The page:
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Hudson was a seafaring man of renown, who had learned to smoke tobacco under Sir Walter Raleigh, and is said to have been the first to introduce it into Holland, which gained him much popularity in that country, and caused him to find great favour in the eyes of their High Mightinesses, the lords states.general, and also of the honourable West India Company. He was a short,, square, brawny old gentleman, with a double chin, a mastiff mouth, and a broad copper nose, which was sup-, posed in those days to have acquired its fiery hue from the constant neighbourhood of his tobacco pipe.
He wore a true Andrea Ferrara tucked in a leathern belt, and a commodore's cocked hat on one side of his head. He was remarkable for always jerking up his breeches when he gave out his orders, and his voice sound-, ed not unlike the brattling of a tin trumpet, owing to the number of hard north-westers which he had swallowed in the course of his seafaring.
Such was Hendrick Hudson, of whom we have heard, so much and know so little; and I have been thus parti-, cular in his description, for the benefit of modern painters, and statuaries, that they may represent him as he was; and not, according to their common custom, with modern heroes, make them look like Cæsar, or Marcus Aurelius, or the Apollo of Belvidere.
Master Robert Juet.
As chief mate and favourite companion, the commodore chose Master Robert Juet, of Limehouse, in England. By some his name has been spelled Chewit, and ascribed to the circumstance of his having been the first man that ever chewed tobacco; but this I believe to be a mere flippancy; more especially as certain of his progeny are living at this day, who write their names Juet. He was an old comrade and early school-mate of the great Hudson, with whom he had often played truant and sailed chip boats in a neighbouring pond, when they were little boys; from whence it is said the commodore first derived his bias towards a seafaring life. Certain it is,
that the old people about Limehouse declared Robert Juet to be an unlucky urchin, prone to mischief, that would one day or other come to the gallows.
He grew up as boys of that kind often grow up, a rambling heedless varlet, tossed about in all quarters of the world-meeting with more perils and wonders than did Sinbad the sailor, without growing a whit more wise, prudent, or ill-natured. Under every misfortune he comforted himse with a quid of tobacco, and the true philosophic maxim, that“ it will be all the same thing a hundred years hence." He was skilled in the art of carving anchors and true lovers' knots on the bulk-heads and quarter-railings, and was considered a great wit on board ship, in consequence of his playing pranks on every body around, and now and then even making a wry face at old Hendrick, when his back was turned.
To this universal genius we are indebted for many particulars concerning this voyage, of which he wrote a history, at the request of the commodore, who had an unconquerable aversion to writing himself, from having received so many floggings about it when at school. To supply the deficiences of Master Juet's Journal, which is written with true log book brevity, I have availed myself of di* us family traditions, handed down from my great gr grandfather, who accompanied the expedition in the capacity of cabin boy.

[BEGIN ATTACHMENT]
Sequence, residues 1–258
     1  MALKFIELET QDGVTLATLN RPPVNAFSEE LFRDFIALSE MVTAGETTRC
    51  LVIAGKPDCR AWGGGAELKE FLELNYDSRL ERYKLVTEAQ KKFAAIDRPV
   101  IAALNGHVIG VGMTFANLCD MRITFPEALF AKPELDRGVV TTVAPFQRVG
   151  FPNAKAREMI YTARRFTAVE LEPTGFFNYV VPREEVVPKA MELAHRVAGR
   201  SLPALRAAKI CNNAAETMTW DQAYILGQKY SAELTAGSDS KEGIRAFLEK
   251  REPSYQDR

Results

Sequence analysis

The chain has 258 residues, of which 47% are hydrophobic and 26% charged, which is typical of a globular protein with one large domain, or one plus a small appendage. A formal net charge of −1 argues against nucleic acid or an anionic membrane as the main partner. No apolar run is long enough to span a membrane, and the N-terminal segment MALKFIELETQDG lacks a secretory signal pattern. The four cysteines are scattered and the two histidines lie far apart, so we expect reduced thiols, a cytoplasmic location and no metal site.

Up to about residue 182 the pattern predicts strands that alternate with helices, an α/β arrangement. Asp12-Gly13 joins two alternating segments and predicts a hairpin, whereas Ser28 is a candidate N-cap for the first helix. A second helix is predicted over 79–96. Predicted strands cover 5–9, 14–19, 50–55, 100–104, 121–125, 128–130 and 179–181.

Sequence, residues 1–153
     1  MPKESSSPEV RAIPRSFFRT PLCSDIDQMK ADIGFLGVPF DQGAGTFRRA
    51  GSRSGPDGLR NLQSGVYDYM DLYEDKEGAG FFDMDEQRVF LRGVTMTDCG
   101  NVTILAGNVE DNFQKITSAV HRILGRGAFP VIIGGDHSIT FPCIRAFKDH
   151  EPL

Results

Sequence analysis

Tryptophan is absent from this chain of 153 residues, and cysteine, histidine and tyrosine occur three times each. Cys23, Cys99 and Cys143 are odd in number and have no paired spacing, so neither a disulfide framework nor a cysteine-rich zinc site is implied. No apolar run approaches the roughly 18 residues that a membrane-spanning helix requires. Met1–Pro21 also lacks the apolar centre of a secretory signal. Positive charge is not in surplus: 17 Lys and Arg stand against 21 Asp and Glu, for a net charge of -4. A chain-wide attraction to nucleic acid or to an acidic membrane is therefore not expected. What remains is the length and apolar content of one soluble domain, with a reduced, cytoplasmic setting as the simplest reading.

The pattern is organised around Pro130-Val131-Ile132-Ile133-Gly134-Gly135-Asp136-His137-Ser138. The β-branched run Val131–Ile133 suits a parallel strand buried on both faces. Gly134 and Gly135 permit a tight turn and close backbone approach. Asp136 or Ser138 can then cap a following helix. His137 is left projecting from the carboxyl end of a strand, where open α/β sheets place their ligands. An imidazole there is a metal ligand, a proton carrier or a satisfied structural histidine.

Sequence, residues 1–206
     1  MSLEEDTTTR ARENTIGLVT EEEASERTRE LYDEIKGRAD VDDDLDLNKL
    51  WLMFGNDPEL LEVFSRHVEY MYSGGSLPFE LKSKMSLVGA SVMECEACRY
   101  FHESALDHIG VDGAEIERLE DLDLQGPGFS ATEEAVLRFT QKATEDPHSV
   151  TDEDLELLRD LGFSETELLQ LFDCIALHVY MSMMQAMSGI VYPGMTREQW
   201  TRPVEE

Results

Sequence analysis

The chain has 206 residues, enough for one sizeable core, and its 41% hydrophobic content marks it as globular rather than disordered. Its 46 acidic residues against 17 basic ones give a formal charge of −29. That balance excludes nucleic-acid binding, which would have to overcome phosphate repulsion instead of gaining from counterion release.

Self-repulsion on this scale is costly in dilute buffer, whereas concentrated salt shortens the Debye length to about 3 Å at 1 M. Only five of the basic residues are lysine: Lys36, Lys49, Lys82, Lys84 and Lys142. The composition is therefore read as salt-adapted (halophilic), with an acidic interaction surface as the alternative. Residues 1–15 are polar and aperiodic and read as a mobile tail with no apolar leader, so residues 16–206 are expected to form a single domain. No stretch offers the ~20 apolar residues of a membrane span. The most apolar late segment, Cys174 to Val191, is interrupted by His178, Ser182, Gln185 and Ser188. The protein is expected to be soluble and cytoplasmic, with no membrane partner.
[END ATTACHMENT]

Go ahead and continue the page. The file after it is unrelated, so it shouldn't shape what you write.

A Dutch Voyage of Discovery.
SUFFICE it then to say, the voyage was prosperous and tranquil-the crew being a patient people, much given to slumber and vacuity, and but little troubled with the disease of thinking-a malady of the mind, which is the sure breeder of discontent. Hudson had laid in abundance of gin and sour crout, and every man was allowed to sleep quietly at his post unless the wind blew.
True it is, some slight dissatisfaction was shown on two or three occasions, a certain unreasonable conduct of Commodore Hudson. Thus, for instance, he forbore to shorten sail when the wind was light, and the weather serene, which
was considered among the most experienced Dutch seamen, as certain weather breeders, or prognostics, that the weather would change for the worse. He acted, moreover in direct contradiction to that ancient and sage rule of the Dutch navigators, who always took in sail at night; put the helm aport, and turned in; by which precaution they had a good night's rest, were sure of knowing where they were the next morning, and stood but little chance of running down a continent in the dark. He likewise prohibited the seamen from wearing more than five jackets, and six pair of breeches, ander pretence of rendering them more alert; and no man was permitted to go aloft, and hand in sails, with a pipe in his mouth, as is the invariable Dutch custom at the présent day. All these grievances, though they might ruffle for a moment the constitutional tranquillity of the honest Dutch tars, made but a transient impression; they seat hugely, drank profusely, and slept immeasurably; and being under the especial guidance of providence, the ship was safely conducted to the coast of America; where, after sundry unimportant touchings and standings off and ion, she at length, on the fourth day of September, entered that majestic bay, which at this day expands its ample bosom before the city of New-York, and which had never before been visited by any European.
FROM MUSTAPHA RUB-A-DUB KELI KHAN,
To Asem Hacchem, principal Slave-driver to his Highness
the Bashaw of Tripoli.
THOUGH I am often disgusted, my good Asem, with the vices and absurdities of the men of this country, yet the women afford me a world of amusement.
Their lively prattle is as diverting as the chattering of the red